“Deaths Of Despair”: The Church, Compassion And Suicide

Sep 28th, 2019 | By | Category: Featured Issues, Politics & Current Events

Economists Anne Case and Angus Deaton recently developed the phrase “deaths of despair” to describe the sudden rise in deaths from suicide, alcohol and drug abuse.  Ross Douthat summarizes the details of a recent Senate Joint Economic Committee that charts the scale of this tragedy:  “A doubling from 22.7 deaths of despair per 100,000 Americans in 2000 to 45.8 per 100,000 in 2017.”  Such self-destroying trends in America are brutal facts we must all face.  When you combine these “deaths of despair” with “collapsing birthrates, declining marriage rates and decaying social trust, . . . all suggest a society suffering a meaning deficit, a loss of purpose and optimism and direction, as gently dehumanizing drift.”

Concerning suicide, a review of some basic statistics reveals the depths of this facet of deaths of despair.  According to the American Foundation for Suicide Prevention, citing statistics from the Centers for Disease Control and Prevention (CDC), suicide is the tenth-leading cause of death in the United States.  In 2017, there were 47,126 suicides and nearly 1.4 million suicide attempts.  The CDC estimates that self-inflicted deaths and injuries cost the US approximately $70 billion a year in direct medical and work-loss costs.  Between 1999 and 2017, the age-adjusted rate for suicide in US increased 33%.  For young people ages 10 to 34, suicide is the second leading cause of death behind unintentional injury, according to Deborah Stone, CDC behavioral scientist.  For those between the ages of 34 and 54, suicide is the fourth leading cause behind cancer, unintentional injury and heart disease.

Gen Zers are the most connected generation ever, but they are also the loneliest. Jean Twenge, in her book iGen, claims that this generation is on the verge of the most severe mental health crisis in decades. “Overall, more and more college students are struggling with mental health issues—not just those who seek help at counseling centers but among representative samples completing anonymous surveys.” She documents that 46 percent more 15-to-19-year-olds committed suicide in 2015 than in 2007. In a Psychology Today article titled “The Mental Health Crisis is upon the Internet Generation,” Glenn Geher writes, “More and more students each year report having issues of anxiety or depression (along with other problems). Our counseling center on campus, like such centers around the nation, is absolutely saturated all the time.”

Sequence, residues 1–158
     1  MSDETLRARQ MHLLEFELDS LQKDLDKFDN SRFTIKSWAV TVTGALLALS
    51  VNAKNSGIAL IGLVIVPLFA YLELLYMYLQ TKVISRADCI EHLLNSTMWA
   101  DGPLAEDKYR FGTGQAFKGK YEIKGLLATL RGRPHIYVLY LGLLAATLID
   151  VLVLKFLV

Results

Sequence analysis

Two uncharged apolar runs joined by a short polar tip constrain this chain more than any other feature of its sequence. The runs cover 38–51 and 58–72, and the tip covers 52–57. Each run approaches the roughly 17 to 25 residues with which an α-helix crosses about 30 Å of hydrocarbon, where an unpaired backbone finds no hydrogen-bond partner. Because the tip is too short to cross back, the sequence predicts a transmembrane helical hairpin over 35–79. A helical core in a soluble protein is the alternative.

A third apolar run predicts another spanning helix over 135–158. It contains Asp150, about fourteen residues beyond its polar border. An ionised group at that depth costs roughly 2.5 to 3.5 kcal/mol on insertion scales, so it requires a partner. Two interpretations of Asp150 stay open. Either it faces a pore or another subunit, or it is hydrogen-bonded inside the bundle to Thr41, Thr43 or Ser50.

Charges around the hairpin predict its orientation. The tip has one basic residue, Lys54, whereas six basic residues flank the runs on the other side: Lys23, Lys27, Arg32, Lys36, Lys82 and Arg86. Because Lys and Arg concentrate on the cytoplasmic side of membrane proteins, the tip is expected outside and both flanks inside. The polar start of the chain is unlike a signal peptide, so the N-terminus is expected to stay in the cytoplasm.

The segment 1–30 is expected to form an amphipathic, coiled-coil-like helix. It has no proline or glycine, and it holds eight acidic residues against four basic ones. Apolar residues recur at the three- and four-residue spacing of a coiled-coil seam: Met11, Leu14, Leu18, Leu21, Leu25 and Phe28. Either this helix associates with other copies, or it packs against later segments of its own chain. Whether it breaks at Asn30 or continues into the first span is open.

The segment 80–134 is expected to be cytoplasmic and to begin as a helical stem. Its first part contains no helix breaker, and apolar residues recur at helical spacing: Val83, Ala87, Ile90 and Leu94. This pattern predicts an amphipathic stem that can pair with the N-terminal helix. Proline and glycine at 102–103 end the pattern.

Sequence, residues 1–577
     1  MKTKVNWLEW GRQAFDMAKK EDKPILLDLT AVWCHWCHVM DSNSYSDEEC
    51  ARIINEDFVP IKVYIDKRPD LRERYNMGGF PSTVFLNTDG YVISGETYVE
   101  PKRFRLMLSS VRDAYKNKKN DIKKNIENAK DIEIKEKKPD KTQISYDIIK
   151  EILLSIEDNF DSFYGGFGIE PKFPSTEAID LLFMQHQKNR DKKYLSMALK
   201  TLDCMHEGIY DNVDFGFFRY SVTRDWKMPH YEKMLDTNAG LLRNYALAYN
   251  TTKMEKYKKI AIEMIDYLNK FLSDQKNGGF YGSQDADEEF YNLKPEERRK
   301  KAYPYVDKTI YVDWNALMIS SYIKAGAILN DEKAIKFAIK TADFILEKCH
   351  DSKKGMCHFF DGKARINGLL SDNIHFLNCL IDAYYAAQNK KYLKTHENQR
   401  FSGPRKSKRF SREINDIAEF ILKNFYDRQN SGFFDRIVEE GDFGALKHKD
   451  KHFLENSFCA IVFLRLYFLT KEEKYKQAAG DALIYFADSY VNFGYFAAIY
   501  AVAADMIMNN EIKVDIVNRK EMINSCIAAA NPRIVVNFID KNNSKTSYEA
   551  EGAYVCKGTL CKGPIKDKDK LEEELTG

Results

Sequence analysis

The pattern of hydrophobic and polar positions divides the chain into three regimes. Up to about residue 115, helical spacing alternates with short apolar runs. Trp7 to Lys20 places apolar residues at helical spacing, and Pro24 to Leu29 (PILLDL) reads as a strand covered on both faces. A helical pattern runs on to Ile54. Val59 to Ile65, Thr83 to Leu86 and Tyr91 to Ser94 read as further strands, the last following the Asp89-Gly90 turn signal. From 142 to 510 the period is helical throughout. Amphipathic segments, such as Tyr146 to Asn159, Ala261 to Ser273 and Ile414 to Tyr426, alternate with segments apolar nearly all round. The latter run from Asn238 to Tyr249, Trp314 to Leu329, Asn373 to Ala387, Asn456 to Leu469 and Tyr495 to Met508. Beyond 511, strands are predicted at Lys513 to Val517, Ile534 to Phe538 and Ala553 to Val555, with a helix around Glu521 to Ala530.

There is also a very personal side to a “death of despair.”  Consider these examples:

  • In the early days of December in 1983, I received a call in my office from my father in Lancaster, Pennsylvania. He shared with me the tragedy of my 23 –year old-brother’s suicide. My brother knew Jesus as His Savior, but struggled much of his life with severe depression.  At the low point in one of those cycles of depression, he took his life.  As a family, we asked the typical questions:  “Why?  What could we have done to prevent this?  Why did we not see the signs?  Why did we miss them?”  Guilt, questioning, doubt in God’s goodness and grace naturally followed.  These were some of the most difficult days of my life.  But those days drove me to a deeper exploration of God’s goodness and His grace.
  • Jarrid Wilson, a California church leader, author, and mental health advocate, died by suicide in early September at age 30. Wilson, known as a passionate preacher, most recently was an associate pastor at megachurch Harvest Christian Fellowship in Riverside, California. A co-founder of the mental health nonprofit Anthem of Hope, Wilson was open about his own depression, often posting on his social media accounts about his battles with the mental illness.  Before his death, he tweeted, “Loving Jesus doesn’t always cure suicidal thoughts.”  Ed Stetzer comments:  “As many of us learned of Jarrid Wilson’s suicide, I’m reminded that pastors (and Christians) are not immune, and being honest about that is good for all of us.  A pastor died by suicide.  That’s a sentence that might cause us to look twice.  We don’t expect pastors to take their own lives. They help people with their lives.  They talk about new life. They don’t end their own.”  The reality is that pastors struggle psychologically, emotionally, and spiritually. “They struggle sometimes with physiological realities in and around depression, and becoming a follower of Jesus and becoming a pastor does not necessarily make those things disappear.” Charles Spurgeon was well known for his deep bouts with suffering and depression. Wheaton College president, Philip Ryken, transparently shared about his own struggle with depression.  “At a time like this, there are just no words,” said Harvest senior pastor Greg Laurie.  “Sometimes people may think that as pastors or spiritual leaders we are somehow above the pain and struggles of everyday people. We are the ones who are supposed to have all the answers. But we do not,” Laurie said.  “At the end of the day, pastors are just people who need to reach out to God for his help and strength, each and every day,” he added.